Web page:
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The Senate passed its version of the National Defense Authorization Act (NDAA) for fiscal year 2020 with CUNA-opposed language expanding certain waivers for rent and other facilities costs for financial institutions on military installations currently granted to credit unions. The House version of the NDAA, which passed committee earlier this month, does not contain such language.
CUNA submitted its comment letter on the CFPB’s remittance request for information, which the CFPB issued in April following months of meetings in which CUNA raised the issue with CFPB leaders and staff. The letter states that substantive amendments to the remittance rule would create a more effective balance between consumer protection and access to services.
“We appreciate the Bureau engaging in its current effort to consider potential revisions to the remittance rule and support the current leadership in its goal to issue right-sized regulations after soliciting meaningful stakeholder feedback,” the letter reads. “While CUNA supports appropriate safeguards for consumers initiating remittance transfers, including clear and understandable disclosures, the Bureau should propose and finalize substantive amendments to the Remittance Rule to better balance necessary consumer protections with a more tailored regulation that allows consumers to access desired products and services.”
The CFPB announced that it is extending until October 15, 2019, the comment period on the Advance Notice of Proposed Rulemaking (ANPR) related to the Home Mortgage Disclosure Act (HMDA) data points. Comments were previously due on July 8, 2019.
According to its release, the Bureau’s extension is intended “to give interested parties an opportunity to review the Bureau’s annual overview of residential mortgage lending based on the HMDA data financial institutions collected in 2018.” The ANPR, issued on May 2, 2019, solicits comment on certain data points in the Bureau’s October 2015 final rule that were added to Regulation C or revised to require additional information.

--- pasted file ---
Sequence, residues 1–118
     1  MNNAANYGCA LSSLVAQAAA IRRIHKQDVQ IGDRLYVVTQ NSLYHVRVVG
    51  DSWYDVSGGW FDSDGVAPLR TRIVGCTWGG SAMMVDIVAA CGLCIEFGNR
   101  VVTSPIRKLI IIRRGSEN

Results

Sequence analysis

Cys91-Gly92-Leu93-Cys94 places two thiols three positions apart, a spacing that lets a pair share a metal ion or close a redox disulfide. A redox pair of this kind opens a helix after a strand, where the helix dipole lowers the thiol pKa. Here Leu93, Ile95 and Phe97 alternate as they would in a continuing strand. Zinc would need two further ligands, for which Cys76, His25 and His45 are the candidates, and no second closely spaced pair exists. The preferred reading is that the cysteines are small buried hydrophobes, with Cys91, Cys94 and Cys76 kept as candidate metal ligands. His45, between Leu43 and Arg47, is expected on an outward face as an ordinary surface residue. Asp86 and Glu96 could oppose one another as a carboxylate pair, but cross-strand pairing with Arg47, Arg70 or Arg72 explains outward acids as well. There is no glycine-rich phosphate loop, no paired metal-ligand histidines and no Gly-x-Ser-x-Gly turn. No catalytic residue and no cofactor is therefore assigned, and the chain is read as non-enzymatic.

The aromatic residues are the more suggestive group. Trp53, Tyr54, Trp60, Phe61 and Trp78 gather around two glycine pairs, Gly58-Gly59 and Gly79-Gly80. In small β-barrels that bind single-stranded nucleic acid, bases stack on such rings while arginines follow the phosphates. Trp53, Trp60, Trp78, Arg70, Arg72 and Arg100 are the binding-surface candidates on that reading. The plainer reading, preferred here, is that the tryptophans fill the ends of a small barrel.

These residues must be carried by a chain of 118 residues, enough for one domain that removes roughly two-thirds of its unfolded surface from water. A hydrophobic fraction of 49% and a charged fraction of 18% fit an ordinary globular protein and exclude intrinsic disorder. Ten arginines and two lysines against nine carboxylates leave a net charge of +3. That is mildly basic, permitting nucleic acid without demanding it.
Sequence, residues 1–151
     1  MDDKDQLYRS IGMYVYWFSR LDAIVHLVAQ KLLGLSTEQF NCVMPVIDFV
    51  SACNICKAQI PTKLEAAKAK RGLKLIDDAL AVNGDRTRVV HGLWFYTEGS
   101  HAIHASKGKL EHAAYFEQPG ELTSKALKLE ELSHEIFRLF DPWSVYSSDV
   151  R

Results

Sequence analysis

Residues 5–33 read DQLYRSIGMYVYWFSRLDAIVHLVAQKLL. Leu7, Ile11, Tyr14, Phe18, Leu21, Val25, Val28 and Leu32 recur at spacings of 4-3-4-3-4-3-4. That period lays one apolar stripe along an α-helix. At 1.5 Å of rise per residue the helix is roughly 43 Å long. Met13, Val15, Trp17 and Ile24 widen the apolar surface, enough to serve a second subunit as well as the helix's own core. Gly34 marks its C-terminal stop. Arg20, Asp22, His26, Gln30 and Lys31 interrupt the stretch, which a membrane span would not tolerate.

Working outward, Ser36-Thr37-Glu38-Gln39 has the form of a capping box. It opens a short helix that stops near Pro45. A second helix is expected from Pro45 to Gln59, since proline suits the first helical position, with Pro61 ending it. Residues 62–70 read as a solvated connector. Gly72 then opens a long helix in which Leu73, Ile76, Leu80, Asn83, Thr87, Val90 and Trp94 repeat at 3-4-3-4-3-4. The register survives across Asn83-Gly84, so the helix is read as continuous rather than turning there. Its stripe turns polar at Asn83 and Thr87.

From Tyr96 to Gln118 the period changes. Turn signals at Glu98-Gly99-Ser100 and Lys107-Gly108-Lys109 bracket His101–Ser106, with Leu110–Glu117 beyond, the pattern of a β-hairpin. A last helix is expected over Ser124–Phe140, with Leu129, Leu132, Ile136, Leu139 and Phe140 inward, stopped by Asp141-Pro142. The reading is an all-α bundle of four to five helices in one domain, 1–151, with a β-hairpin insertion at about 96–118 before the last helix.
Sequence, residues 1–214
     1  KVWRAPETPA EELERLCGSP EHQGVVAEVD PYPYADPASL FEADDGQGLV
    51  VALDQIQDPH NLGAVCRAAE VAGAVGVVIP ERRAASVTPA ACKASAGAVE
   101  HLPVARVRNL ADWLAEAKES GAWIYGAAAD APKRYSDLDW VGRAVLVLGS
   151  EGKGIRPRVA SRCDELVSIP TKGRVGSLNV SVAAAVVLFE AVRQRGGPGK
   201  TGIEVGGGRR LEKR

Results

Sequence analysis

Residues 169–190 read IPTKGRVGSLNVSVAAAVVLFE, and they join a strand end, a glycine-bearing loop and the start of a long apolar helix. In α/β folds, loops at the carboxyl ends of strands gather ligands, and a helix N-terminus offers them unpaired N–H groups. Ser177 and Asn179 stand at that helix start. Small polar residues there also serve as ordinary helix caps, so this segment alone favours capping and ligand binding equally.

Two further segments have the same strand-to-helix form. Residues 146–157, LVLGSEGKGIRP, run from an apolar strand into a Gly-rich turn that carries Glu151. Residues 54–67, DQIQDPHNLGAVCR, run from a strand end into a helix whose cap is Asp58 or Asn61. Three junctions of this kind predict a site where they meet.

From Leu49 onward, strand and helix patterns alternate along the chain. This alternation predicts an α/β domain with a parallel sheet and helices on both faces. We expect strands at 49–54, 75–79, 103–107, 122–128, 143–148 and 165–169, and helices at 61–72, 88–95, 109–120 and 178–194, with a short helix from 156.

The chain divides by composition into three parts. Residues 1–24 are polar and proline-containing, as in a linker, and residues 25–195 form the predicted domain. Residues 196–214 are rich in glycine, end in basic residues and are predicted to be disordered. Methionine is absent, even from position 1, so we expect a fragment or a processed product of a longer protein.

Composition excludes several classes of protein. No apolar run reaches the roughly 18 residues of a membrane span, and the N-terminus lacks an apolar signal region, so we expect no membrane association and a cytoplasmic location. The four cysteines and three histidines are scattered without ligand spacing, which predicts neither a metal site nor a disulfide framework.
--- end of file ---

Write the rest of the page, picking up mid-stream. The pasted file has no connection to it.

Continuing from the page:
The House passed the Financial Services and General Government (FSGG) Appropriations Act for Fiscal Year 2020 today. CUNA wrote in strong support of the bill earlier this week due to the appropriations amounts for several credit union funds, including the Treasury’s Community Development Financial Institutions (CDFI) Fund and NCUA’s Community Development Revolving Loan Fund (CDRLF).
“We thank the House for passing the bill, and for the attention of House appropriators to ensure appropriate levels for several important funds that credit unions are able to leverage to better serve their members and communities,” said CUNA President/CEO Jim Nussle.
The CFPB hosted the first of a planned series of symposia focused on topics in consumer financial protection. The symposium focused on defining “abusive” under Title X of the Dodd-Frank Wall Street Reform and Consumer Protection Act. Representatives from CUNA and the Maryland & DC Credit Union Association were in attendance.
The symposia featured remarks from Director Kathy Kraninger and Deputy Director Brian Johnson, as well as comments from legal and academic experts. In general, the conversation focused on the statutory history of “abusive”, the role of cost-benefit analysis, and whether behavioral economics can play a role in determining abusive behavior.